January 23, 1996
(Archived document, may contain errors)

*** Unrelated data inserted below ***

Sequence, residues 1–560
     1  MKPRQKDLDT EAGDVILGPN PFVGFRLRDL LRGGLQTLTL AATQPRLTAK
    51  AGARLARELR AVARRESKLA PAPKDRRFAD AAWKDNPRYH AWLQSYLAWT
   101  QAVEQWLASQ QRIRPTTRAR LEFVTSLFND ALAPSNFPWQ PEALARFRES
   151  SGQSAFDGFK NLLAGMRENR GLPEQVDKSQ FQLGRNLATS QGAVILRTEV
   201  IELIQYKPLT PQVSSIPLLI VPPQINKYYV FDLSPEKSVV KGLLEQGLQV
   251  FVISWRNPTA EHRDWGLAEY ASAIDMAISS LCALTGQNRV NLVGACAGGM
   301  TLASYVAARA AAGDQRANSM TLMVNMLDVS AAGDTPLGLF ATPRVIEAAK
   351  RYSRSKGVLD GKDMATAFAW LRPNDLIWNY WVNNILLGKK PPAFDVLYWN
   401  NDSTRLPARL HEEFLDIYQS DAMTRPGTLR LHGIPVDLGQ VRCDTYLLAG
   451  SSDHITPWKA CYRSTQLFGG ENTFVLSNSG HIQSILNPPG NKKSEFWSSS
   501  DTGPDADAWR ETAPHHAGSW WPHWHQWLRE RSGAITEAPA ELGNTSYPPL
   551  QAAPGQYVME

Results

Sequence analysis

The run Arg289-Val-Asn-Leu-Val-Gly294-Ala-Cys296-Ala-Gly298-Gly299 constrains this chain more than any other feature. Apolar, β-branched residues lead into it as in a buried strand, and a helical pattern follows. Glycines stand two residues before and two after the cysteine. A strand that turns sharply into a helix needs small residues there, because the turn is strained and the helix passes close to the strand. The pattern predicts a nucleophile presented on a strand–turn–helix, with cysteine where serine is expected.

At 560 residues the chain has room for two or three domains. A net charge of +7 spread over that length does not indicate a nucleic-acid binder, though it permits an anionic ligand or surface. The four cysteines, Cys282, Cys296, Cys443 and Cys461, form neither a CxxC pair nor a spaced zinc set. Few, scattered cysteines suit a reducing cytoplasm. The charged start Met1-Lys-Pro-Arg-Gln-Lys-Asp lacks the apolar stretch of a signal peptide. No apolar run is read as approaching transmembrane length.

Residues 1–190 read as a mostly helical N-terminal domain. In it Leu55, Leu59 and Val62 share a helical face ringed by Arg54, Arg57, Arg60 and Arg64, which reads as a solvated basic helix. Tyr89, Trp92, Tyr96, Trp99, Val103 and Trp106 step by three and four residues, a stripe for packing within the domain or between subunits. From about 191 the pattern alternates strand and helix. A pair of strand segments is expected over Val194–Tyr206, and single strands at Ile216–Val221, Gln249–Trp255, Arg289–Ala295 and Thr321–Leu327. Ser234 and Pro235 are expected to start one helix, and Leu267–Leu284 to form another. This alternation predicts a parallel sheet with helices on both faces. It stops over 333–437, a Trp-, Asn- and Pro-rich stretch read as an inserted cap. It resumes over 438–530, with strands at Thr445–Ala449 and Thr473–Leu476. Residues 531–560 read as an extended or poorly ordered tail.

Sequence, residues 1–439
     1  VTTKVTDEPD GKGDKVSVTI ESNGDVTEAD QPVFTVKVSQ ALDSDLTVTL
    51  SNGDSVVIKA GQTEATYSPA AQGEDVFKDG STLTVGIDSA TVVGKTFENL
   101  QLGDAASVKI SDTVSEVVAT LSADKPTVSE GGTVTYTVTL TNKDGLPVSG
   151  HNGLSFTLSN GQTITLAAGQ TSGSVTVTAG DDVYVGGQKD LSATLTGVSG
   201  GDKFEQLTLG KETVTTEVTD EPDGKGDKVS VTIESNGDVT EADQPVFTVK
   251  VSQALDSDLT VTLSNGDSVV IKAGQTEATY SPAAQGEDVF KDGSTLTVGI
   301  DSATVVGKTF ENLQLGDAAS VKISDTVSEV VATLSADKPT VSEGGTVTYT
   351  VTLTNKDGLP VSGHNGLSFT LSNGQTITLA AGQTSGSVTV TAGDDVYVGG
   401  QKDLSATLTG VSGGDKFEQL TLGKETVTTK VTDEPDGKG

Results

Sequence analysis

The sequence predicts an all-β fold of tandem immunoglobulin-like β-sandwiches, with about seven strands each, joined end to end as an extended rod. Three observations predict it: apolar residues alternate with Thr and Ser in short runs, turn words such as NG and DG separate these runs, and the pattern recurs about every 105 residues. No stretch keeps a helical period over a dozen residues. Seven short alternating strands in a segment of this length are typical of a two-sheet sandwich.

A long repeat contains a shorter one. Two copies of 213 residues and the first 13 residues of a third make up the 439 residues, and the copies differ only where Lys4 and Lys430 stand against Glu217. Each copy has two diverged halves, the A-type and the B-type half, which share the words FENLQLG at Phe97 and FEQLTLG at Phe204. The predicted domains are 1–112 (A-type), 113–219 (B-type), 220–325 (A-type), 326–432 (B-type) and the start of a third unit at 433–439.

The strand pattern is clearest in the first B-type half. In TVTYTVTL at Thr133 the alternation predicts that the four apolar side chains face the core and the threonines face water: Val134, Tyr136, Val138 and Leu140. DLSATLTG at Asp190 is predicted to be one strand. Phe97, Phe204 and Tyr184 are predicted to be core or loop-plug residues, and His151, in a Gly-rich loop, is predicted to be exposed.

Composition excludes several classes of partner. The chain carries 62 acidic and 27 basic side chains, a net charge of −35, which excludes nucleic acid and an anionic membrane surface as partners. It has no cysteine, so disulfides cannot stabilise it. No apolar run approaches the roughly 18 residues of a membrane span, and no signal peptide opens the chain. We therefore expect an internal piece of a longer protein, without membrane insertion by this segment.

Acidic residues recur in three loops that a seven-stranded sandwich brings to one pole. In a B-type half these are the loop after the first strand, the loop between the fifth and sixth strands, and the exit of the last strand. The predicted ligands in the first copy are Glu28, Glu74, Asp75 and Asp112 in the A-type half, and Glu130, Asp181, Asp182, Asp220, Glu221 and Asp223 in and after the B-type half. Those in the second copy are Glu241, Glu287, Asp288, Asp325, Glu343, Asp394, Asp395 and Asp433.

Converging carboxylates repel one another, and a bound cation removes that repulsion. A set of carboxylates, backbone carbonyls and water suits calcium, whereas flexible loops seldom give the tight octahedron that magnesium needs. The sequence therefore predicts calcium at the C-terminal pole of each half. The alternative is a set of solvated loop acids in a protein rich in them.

No. 84 January 23, 1996 HOW THE TELECOM BILL GIVES AWAY $70 BILLION IN FAMILY TAX RELIEF TO THE BROADCAST INDUSTRY